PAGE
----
Lollipop, by Amy Lane
Series: Candy Man, Book 3 (Stand Alone)
Publisher: Dreamspinner Press
Release Date: January 25, 2016
Rating: 2 out of 5 stars
I received a copy of this novel from the publisher in exchange for a fair and honest review.
Ezra Kellerman flew across country to see if he had another chance with the man he let slip through his fingers. He didn’t. Rico has moved on, but he doesn’t just leave his ex high and dry. Instead, Rico entrusts his family and friends with Ezra’s care. Ezra, confused, hurt, and lost, clings to Rico’s cousin and his boyfriend as the lifelines they are—but their friend Miguel is another story.
Miguel Rodriguez had great plans and ambition—but a hearty dose of real life crushed those flat. When Miguel finds himself partially in charge of the befuddled, dreamy, healing Ezra, he’s pretty resentful at first. But Ezra’s placid nature and sincere wonder at the simple life Miguel has taken for granted begin to soften Miguel’s hardened shell. Miguel starts to notice that Ezra isn’t just amazingly sweet—he’s achingly beautiful as well. Suddenly Miguel is fending off every single man on the planet to give Ezra room to get over Rico—while fighting a burning suspicion that the best thing to help Ezra get over his broken heart is Miguel.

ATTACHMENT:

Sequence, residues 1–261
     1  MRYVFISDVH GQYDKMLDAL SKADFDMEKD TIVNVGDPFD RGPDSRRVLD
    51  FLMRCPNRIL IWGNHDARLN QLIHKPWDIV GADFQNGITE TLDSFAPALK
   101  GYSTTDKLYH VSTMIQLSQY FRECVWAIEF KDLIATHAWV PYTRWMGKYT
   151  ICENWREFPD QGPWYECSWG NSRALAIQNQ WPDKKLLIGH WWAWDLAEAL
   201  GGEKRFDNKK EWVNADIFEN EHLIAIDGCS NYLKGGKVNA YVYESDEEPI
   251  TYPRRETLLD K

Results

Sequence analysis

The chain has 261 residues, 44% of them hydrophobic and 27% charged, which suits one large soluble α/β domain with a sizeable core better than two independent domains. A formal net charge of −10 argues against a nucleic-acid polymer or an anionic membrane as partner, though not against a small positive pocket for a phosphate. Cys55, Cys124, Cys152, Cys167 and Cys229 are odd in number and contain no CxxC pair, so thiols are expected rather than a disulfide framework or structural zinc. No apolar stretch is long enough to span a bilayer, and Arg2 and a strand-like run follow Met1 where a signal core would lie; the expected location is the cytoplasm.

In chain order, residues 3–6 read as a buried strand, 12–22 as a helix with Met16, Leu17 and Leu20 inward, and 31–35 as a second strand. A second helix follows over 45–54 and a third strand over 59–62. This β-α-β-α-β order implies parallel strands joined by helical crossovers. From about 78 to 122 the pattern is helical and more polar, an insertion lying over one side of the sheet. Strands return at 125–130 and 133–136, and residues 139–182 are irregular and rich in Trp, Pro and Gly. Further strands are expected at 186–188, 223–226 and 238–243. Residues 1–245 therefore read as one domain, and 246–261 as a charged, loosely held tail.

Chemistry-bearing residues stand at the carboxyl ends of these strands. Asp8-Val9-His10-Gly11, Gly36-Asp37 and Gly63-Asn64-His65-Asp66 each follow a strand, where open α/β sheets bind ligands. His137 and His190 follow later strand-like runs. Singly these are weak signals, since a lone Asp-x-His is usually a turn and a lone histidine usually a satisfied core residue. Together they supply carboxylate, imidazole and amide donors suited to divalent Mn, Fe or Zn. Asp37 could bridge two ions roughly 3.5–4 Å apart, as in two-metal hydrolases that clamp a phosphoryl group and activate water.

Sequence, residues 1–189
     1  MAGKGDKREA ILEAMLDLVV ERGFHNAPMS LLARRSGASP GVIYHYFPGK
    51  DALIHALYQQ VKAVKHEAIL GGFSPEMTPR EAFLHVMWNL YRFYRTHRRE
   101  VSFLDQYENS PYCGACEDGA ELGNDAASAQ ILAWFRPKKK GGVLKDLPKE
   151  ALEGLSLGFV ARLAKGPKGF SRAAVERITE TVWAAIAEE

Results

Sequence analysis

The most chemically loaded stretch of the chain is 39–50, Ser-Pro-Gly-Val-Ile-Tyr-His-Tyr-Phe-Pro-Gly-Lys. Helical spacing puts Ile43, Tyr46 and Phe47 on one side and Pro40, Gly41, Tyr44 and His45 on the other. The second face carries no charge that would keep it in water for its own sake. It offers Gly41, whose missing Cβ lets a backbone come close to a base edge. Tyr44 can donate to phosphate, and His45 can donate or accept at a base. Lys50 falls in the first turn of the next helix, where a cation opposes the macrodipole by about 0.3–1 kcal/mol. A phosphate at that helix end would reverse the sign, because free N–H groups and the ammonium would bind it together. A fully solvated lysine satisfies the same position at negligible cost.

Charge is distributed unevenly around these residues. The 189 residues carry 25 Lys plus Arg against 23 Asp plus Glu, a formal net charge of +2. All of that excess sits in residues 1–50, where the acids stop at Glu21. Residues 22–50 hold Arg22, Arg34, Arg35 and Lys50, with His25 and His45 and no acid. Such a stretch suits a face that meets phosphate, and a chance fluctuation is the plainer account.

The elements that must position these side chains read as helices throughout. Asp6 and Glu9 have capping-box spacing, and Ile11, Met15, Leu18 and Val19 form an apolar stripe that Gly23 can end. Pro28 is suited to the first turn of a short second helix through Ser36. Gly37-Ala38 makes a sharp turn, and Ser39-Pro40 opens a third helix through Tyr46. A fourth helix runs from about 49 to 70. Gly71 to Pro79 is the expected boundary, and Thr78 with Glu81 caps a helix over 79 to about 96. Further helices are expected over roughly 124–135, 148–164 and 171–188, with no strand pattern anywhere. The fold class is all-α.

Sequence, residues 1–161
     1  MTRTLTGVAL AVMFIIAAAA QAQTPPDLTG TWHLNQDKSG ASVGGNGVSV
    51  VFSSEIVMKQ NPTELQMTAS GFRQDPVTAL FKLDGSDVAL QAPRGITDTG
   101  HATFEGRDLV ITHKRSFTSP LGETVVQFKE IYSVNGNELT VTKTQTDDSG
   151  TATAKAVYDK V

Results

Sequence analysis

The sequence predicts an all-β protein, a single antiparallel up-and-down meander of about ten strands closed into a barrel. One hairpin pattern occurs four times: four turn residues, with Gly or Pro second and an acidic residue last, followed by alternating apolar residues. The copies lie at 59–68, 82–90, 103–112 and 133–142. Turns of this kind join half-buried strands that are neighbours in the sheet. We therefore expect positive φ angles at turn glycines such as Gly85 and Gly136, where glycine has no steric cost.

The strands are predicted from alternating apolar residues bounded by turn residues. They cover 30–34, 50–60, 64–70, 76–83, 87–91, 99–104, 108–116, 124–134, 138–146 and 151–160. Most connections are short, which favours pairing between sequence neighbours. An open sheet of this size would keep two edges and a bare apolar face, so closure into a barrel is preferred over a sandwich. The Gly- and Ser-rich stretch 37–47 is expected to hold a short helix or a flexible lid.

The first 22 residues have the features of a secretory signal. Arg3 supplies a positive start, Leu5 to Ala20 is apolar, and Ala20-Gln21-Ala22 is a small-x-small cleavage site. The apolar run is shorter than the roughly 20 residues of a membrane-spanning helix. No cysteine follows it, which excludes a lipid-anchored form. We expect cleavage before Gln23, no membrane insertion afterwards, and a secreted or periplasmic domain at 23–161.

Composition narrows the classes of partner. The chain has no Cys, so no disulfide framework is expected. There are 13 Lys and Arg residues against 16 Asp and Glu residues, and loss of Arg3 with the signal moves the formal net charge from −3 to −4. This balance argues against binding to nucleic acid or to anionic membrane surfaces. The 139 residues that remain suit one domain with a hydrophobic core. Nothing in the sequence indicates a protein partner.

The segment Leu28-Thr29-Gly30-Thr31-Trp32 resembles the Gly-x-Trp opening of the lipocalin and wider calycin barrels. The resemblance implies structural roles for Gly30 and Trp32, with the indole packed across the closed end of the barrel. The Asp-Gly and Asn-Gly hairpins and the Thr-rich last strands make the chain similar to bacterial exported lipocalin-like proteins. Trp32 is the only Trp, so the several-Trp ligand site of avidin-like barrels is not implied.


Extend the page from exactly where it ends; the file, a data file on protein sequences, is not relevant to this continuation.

Amy Lane is a very well-known, and well-liked author in the M/M community. She’s even been nominated for a RITA award. But her writing style just doesn’t work for me.
Lollipop is a confusing and often nonsensical story about a young man who makes the “ill-advised decision” to leave behind everything he knows in NYC to travel 3,000 miles to a city he’s never visited, in the distant hope that the boyfriend who left him several months before will take him back.
His last conscious thought was What the hell was I thinking? Rico had no reason to wait for me.
What I’ve discovered with Amy Lane is that you have to jump into her novels without looking to see what’s beneath you, and hope that there’s something to catch you at the bottom. Which is to say, she has the habit of starting off in the middle of a plot line, leaving you super confused about what’s going on, and not providing an explanation until much too late.
And look, maybe I’m just old or something, but I do not get the slang and the weird phrases and the tangents that lead to nowhere and the strange metaphors or whatever.
He started to struggle, because the sheet had been folded like a taco, with Ezra as the kosher beef hot dog inside, and the taco had gotten tangled sometime in the night.
Tacos have hot dogs in them?
Also, not a fan of the caricatures. A novel where the Jew is stereotype-Jewish, and the Mexican goes around calling everyone “Papi” every ten seconds? Not diggin’ it.
I read to escape. This novel was more work and effort than I wanted to put into a novel. I was constantly trying to figure out what was going on, who was doing what. I’d spent a hundred pages puzzling about someone’s confusing actions before it would finally be explained.
By the end of the story, I found that I’d actually enjoyed the plot… but it took me 250 pages to get to the point of enjoyment, instead of exasperation.